Oil Purification Technologies: A Historical Perspective

From the very beginning of early human civilization, people used animal and vegetable oils as lubricants.  As the time went by and people became more sofistcated and with the advent of industry, people started to use petroleum based oils.  Such oils were first applied in 1852 though they did not enjoy wide popularity since they were not as effective as other animal based lubricating substances.

At that time, the industrial production of high quality lubricating oils was in the early stages of development.  Beginning in the 1920s, many producers of lubricating oils started to process base oils to improve their performance characteristics.  The most widespread ways of base oil production include:

  • purification by clays;
  • purification by sulfuric acid;
  • SO2 treatment;
  • treatment by selective solvents;
  • dewaxing by solvents; and
  • purification by adsorbents.

The following is a detailed description of each method of production.

Purification by Clays

Clays were used to adsorb and remove the most harmful components of petroleum oil.  Additionally, they were able to remove aromatic and highly polar compounds that consisted of sulfur and nitrogen.

Sulfuric Acid Refining

Concentrated sulfuric acid was used to create a reaction with the components of base oils that had poor performance characteristics.  Acid turned them into sludge that was then removed.  In general, this technology was effective, but very expensive.

Additionally, there are certain ecological issues connected with the application of sulfuric acid and sludge formation as a means of processing oil.

SO2 Treatment

This kind of processing is an extraction process that is followed by removal of the oil’s components that have poor characteristics with a help of reusable solvent.  The main disadvantage of such a method is the toxicity of a solvent.  This technology therefore, was withdrawn from the market.  It became however, an important step in forming traditional extraction with the help of  selective solvents.

Selective Purification or Extraction by Solvents

Usually, selective solvents are used to remove aromatic hydrocarbons that improve oil’s lubricating capabilities.

Generally speaking, aromatic hydrocarbons are considered to be good solvents, but oil based on them have poor performance characteristics.  This is because such substances are reactive components within a boiling range of natural lubrication.  If they are oxidized, then a chain reaction takes place that reduces the service life of the base oils.

Selective purification is one of the ways to remove unwanted compounds.  It is based on a two phase system where impurities with a solvent and along with a pure oil form two layers.  When these two layers are separated carefully, a layer that consists of unwanted components will be formed, and the other layer will contain purified oil.  This method allows for removing asphaltene substances, resins and aromatic compounds with short side chains.  Additionally it will remove solid hydrocarbons and polycyclic aromatic compounds that speeds up coking and increases the viscosity temperature index.  Extraction by solvents is used mainly after vacuum distillation.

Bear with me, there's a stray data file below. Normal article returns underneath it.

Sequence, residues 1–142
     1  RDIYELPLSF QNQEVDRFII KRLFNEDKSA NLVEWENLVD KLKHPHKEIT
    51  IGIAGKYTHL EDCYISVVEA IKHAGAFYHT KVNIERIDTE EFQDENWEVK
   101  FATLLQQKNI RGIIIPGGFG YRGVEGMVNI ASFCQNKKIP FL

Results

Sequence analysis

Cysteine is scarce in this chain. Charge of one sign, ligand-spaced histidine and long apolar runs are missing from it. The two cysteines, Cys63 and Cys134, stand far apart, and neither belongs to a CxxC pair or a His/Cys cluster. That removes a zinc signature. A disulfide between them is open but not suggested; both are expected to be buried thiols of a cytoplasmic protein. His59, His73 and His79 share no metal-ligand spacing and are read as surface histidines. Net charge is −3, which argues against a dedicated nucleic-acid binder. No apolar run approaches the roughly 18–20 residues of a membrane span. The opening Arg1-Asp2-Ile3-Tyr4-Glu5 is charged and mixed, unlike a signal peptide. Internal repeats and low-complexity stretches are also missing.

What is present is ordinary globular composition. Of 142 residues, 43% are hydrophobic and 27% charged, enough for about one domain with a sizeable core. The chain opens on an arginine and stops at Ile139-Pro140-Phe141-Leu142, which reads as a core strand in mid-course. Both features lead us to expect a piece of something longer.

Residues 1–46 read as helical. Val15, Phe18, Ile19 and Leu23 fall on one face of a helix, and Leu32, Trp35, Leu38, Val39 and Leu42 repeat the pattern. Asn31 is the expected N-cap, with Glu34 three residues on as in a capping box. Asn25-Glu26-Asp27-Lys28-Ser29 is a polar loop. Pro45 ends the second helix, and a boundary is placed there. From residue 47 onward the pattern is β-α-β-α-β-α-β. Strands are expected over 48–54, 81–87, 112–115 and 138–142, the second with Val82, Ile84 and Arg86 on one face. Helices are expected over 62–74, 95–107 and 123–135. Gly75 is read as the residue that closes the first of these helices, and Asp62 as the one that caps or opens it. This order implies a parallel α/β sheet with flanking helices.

In today’s  modern industry, furfural is used more often and phenol is rarely used because of its toxicity.

Dewaxing by Solvents

Paraffins increase the pour point temperature of oil.  To remove paraffins, oil is mixed with a mixture of two solvents and the resulting solution is cooled down to between -6  to -12ºС.  Paraffin crystals settle down and then may be easily filtered out.  The solvent is then separated from the oil.  At the outlet, we obtain a dewaxed oil that possesses good performance characteristics such as: (1) lower pour point temperature and (2) an increased viscosity index.  The filtered paraffin sludge can be used as a raw material for catalytic hydrocracking or applied to obtain high-stable base oils.

Adsorbent Purification

Adsorbent purification is mainly based on bleaching clays and aluminum silicate (zeolites with non-homogeneous porosity).  When choosing zeolites with the pores of a certain size, it is possible to adsorb selectively such compounds as alkenes, polycyclic arenes, pyrobitumen and resins.

Adsorbent purification allows for oil’s decoloration, therefore, sometimes the term “oil’s decoloration” is used instead of “adsorbent purification.”  When working with oil products that have already been in service, it is advisable to use mobile oil units that are described below.


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